A Rustic and Vintage Wedding on a Farm in Pennsylvania
Amy and Leo
Amy Eldon, along with her groom, Leo Voloshin, eschewed some of the more common elements of a modern wedding in favor of a decidedly intimate, quirkier affair. The creative duo, who own and manage Printfresh, a textile-design studio in Philadelphia, relied on original designs and vintage finds, including the bride's two gowns, to make sure their day was equal parts country-casual and big-city chic.
Amy and Leo tapped design duo Bird & Banner to create their whimsical blue, brown, and cream stationery suite, which featured custom typography and patterns.
A creamy dahlia dominates the bridal bouquet, which includes ranunculus and blue delphiniums. Amy found her gown at a small antique clothing shop, and then had a blue satin sash made to match the day's palette.
Bride and Parents
The bride and her parents stroll across the verdant farm before the Saturday evening ceremony; both Mom and Dad walked their daughter down the aisle.
The littlest attendants were the children of the bride's cousins; the flower girls completed their sweet look with floral wreaths.
The bridesmaids all wore old-fashioned slips under dresses that were screen-printed, dyed, and sewn by Amy and her friends; they each carried a single pink peony tied with a simple blue ribbon.
"I couldn't imagine having the wedding in any other location," says Amy of her parents' farm, which set the rustic tone for the whole day. Here, a friend of the couple's marries them under the huppa Amy's dad built with wood cleared from the property.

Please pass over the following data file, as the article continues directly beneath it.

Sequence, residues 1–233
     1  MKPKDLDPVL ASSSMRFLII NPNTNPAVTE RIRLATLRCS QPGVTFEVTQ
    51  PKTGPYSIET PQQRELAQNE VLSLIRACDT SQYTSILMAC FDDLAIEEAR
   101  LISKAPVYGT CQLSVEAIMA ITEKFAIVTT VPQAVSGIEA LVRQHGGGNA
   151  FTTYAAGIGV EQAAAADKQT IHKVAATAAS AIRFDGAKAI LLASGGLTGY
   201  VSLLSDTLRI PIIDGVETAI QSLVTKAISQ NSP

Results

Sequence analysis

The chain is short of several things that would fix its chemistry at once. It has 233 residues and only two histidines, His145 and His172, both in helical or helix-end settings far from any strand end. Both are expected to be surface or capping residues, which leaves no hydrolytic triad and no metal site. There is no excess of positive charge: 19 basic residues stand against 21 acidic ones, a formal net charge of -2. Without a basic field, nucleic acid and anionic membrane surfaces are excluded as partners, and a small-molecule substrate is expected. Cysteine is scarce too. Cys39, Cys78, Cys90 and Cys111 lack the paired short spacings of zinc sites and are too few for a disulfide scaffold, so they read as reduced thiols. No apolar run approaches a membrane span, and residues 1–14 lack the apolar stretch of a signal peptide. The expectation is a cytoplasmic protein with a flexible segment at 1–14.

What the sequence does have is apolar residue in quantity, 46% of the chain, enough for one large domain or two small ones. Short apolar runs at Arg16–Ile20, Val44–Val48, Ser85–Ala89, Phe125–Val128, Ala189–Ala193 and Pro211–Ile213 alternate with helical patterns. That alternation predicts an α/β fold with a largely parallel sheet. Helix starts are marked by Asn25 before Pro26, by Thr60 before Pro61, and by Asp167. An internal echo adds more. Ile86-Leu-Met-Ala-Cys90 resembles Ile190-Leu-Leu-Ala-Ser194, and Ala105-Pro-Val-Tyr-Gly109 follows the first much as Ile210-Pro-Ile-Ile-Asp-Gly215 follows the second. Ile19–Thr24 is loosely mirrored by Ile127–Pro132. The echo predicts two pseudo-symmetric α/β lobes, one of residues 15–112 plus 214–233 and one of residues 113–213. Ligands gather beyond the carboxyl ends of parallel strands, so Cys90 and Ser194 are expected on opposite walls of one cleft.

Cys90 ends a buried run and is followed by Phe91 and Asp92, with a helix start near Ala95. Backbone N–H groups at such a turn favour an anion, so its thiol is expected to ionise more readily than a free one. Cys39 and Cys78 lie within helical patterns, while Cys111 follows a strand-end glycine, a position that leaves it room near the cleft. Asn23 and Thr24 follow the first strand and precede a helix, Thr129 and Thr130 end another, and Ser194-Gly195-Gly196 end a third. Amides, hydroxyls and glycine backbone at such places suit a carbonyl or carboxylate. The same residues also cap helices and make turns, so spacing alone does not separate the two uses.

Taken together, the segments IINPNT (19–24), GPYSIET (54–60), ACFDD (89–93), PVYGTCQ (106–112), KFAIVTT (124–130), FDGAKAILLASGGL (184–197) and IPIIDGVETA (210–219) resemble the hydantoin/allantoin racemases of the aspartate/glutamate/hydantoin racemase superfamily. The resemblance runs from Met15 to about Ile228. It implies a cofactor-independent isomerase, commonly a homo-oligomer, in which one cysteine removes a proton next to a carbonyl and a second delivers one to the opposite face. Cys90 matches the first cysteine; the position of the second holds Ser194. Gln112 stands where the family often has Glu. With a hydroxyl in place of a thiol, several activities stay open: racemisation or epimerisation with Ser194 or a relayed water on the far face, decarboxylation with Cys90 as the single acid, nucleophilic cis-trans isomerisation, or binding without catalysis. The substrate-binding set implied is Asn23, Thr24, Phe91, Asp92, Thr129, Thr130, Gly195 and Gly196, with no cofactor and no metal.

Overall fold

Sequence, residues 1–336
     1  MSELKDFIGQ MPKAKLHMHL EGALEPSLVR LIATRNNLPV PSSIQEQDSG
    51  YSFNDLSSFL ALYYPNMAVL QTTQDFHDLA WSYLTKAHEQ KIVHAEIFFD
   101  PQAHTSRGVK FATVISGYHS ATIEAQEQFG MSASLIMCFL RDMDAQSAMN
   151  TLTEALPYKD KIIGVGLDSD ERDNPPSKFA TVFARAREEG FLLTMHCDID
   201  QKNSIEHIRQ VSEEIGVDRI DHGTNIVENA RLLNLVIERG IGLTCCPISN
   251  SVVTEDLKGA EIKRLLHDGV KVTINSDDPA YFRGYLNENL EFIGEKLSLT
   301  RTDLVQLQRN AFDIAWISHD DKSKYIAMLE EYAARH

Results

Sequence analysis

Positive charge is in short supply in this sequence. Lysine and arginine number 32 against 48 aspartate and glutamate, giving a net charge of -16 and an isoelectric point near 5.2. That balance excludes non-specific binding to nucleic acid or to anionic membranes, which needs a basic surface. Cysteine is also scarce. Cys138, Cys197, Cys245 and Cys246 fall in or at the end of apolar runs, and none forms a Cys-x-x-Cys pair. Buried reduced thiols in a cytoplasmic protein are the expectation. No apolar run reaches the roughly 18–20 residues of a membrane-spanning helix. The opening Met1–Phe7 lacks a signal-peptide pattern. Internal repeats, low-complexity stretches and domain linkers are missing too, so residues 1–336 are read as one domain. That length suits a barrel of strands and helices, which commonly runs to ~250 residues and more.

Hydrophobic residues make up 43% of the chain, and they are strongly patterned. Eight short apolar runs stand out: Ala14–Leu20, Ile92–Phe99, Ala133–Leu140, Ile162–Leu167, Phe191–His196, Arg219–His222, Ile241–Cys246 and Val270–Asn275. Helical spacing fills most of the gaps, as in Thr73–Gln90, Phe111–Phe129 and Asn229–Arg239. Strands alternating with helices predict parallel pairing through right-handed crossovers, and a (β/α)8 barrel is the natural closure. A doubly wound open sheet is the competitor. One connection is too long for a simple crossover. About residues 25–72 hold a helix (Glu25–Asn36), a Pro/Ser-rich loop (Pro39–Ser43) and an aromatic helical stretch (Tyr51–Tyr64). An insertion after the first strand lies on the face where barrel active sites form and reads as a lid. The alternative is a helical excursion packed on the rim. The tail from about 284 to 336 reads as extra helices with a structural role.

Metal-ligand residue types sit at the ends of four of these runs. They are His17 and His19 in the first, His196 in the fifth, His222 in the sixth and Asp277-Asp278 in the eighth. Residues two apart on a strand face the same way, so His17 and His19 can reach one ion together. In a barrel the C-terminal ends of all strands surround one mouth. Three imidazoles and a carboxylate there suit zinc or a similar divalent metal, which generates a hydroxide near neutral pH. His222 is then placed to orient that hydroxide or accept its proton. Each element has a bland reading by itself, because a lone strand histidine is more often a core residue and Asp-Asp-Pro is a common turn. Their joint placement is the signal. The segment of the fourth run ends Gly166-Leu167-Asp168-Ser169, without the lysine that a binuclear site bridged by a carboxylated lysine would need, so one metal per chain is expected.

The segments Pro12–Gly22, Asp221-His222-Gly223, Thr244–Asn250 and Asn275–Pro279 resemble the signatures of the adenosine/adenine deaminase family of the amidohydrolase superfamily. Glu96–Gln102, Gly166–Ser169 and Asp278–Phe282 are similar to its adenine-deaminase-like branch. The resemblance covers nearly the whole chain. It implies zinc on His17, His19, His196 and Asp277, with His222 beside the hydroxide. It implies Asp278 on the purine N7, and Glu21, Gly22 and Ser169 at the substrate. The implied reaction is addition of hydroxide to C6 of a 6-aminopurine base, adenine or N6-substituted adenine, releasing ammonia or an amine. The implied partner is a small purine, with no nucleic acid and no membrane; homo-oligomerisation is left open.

The newlyweds pose with their parents, Jim and Linda Eldon and Vera and Alexander Voloshin.
Sporting the same design found on the bridesmaids' dresses, sachets of lavender were hand-stamped and distributed to guests for tossing after the ceremony.
The Charlie Schaffer Quartet played jazz for the cocktail hour and dinner, and performed on the grass in lieu of a stage at the edge of a wooded area to maintain the day's casual vibe.
Small baskets of cherries serve as place cards for the 125 guests.
The table settings included an eclectic mix of mix-matched vases -- most were found at flea markets -- and blue-and-white-hand towels by Ikea were transformed into low-key place mats.
Jars of apple butter, a local favorite, were given as favors.
Amy and her father, Jim, take a twirl on the dance floor. Though it was not in her original plans, Amy decided to wear a second gown at the tented reception, one that she had found and "couldn't resist" at the same small New Jersey antiques shop where she'd purchased her ceremony dress.
The custom cake topper, by crafter Ann Wood, was made with quaintly retro fabrics that the bride designed.